Do research before getting a pet rabbit this Easter, Mississauga Animal Services says

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Published April 3, 2023 at 11:08 am

rabbits mississauga
City of Mississauga photo

Rabbits are a symbol of spring traditionally tied to the Easter holiday but the City of Mississauga suggests doing research before getting one as a pet.

“Every spring, shelters and rabbit rescues find themselves overcome with rabbits after they wear out their welcome in their new homes,” the City of Mississauga said in a tweet. “Please do your research before welcoming a new pet into your household.”

Easter arrives this weekend (April 9) and with it comes a celebration with chocolate eggs and rabbits.

And as tempting as it might be to give a real bunny to children as an Easter present, a pet rabbit is a commitment that could last 10 to 12 years.

Last spring, Mississauga Animal Services reported a large uptake in the number of rabbits being abandoned or dropped off at the city shelter. Part of this was attributed to “pandemic pets” — people adopted pets for comfort during lockdowns — but many were expected to be dropped off because the animals are often given away as gifts during Easter.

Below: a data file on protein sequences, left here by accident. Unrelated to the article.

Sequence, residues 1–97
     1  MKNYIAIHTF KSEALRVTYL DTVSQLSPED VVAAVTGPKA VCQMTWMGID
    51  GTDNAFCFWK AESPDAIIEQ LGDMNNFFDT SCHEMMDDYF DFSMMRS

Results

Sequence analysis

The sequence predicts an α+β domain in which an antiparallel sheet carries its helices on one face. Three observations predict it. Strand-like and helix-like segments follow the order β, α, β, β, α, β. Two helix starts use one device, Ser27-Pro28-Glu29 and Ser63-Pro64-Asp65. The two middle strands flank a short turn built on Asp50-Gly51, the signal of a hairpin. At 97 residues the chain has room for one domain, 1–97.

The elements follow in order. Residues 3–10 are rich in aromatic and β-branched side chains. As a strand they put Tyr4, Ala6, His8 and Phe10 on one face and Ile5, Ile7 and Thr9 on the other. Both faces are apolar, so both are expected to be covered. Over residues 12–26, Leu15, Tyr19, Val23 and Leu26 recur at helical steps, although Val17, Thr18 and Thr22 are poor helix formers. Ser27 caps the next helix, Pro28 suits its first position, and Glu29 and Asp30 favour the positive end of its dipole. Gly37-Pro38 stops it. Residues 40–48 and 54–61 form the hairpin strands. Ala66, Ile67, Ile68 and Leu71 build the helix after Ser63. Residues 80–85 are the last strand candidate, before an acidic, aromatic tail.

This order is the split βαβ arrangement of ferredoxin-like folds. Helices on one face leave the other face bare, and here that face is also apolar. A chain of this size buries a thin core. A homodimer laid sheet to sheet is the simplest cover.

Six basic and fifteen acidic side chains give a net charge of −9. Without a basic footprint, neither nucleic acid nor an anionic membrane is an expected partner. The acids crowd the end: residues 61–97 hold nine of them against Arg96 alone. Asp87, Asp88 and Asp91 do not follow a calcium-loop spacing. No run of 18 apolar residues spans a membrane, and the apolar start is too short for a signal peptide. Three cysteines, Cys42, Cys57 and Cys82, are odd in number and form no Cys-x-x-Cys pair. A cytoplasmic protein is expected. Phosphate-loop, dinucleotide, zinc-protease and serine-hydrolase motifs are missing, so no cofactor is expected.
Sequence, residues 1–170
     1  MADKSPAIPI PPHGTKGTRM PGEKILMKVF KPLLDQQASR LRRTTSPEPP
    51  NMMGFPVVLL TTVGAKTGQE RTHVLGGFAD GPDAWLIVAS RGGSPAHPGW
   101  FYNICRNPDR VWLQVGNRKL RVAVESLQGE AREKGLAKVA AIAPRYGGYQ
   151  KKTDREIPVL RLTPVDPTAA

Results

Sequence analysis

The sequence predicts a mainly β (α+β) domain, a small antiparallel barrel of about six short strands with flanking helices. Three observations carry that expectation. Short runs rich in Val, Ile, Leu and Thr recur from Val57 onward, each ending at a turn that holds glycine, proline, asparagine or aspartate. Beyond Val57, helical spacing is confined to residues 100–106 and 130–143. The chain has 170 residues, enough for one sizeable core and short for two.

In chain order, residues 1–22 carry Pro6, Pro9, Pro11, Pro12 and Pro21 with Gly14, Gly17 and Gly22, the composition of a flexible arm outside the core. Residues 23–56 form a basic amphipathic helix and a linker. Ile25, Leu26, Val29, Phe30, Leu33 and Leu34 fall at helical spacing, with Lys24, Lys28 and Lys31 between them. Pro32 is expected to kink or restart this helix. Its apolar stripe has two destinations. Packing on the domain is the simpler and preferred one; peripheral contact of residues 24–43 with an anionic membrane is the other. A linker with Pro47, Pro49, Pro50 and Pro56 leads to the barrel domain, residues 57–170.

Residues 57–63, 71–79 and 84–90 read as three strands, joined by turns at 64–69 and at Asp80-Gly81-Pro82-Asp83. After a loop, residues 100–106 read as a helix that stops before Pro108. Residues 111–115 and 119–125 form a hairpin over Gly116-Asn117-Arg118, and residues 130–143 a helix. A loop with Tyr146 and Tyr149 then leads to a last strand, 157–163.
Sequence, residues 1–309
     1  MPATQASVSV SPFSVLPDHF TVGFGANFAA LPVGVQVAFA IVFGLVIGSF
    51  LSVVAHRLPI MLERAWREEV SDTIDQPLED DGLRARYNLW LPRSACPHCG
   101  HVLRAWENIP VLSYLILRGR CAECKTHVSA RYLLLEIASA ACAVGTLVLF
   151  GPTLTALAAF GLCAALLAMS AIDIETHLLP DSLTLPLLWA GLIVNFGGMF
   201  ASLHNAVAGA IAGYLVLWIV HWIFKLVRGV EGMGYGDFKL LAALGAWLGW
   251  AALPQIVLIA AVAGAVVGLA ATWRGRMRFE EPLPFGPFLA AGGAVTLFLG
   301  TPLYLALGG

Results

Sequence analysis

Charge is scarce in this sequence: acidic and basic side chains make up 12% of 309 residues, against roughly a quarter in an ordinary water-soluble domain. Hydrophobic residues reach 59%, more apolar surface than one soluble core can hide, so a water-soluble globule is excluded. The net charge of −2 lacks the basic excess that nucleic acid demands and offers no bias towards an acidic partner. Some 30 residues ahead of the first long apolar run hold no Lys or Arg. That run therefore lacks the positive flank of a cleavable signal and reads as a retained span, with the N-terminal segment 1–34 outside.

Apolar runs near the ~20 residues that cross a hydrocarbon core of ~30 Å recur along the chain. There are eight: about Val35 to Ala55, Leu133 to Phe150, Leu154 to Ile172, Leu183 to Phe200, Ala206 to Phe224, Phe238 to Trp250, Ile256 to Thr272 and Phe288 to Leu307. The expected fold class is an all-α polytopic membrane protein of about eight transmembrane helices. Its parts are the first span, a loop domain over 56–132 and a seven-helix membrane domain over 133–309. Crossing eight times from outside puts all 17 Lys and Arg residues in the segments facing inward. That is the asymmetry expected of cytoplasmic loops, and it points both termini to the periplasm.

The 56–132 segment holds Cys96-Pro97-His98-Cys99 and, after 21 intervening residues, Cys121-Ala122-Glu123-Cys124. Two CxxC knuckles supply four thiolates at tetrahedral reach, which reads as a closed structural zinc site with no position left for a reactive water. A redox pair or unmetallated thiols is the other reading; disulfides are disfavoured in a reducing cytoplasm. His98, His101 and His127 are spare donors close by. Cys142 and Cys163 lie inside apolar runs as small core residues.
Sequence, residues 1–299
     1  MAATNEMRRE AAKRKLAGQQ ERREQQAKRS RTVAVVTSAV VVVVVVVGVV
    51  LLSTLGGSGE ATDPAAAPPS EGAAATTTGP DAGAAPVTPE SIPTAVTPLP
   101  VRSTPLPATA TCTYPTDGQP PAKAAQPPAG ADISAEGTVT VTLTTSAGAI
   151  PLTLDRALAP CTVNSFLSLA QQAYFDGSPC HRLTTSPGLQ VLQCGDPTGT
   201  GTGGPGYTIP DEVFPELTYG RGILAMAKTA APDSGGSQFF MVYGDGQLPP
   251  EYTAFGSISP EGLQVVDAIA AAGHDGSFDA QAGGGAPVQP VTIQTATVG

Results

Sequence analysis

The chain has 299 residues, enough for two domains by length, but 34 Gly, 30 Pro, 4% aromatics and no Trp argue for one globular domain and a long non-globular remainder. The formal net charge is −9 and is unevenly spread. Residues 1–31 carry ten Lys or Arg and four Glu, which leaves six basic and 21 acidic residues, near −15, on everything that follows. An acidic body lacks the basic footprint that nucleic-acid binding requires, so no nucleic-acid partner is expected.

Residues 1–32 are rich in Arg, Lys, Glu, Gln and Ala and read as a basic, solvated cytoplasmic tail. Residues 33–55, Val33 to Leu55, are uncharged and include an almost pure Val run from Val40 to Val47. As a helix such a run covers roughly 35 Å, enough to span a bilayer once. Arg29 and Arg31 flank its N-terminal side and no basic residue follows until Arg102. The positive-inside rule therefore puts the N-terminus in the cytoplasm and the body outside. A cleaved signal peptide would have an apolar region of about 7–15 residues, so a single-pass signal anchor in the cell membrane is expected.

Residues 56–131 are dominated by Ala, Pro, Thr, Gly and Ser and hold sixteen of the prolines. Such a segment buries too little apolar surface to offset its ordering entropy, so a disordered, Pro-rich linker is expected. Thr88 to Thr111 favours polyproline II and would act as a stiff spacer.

“Most rabbits lose their homes because of ‘people reasons’ such as a move or the owner’s inability or unwillingness to care for the animal, not because the rabbit has behavioural or health problems,” the Humane Society notes.

rabbits mississauga

Animal Services currently has eight bunnies up for adoption in Mississauga. City of Mississauga photo

The city hopes to avoid an uptick in rabbit surrenders to shelters and reminds residents of the responsibility of welcoming a rabbit as a pet.

Here are some things to consider before getting a rabbit:

  • Rabbits are social animals. They need space to relax, but shouldn’t be secluded from the family.
  • They require a specialized diet, daily care, supervised exercise, pen cleaning and socialization.
  • They should be spayed or neutered to prevent related health and behavioural issues.
  • Often don’t like to be picked up or cuddled.
  • Rabbits can be costly to own. Be prepared for an adoption fee, housing, food and rabbit-proofing supplies.
  • They are curious animals and can get into trouble chewing on things or digging around the house.
  • They can live from 10 to 12 years.
  • They can be litter trained.

If you are ready to adopt a new fluffy friend, the City of Mississauga currently has eight bunnies looking for homes. See the website for more information.

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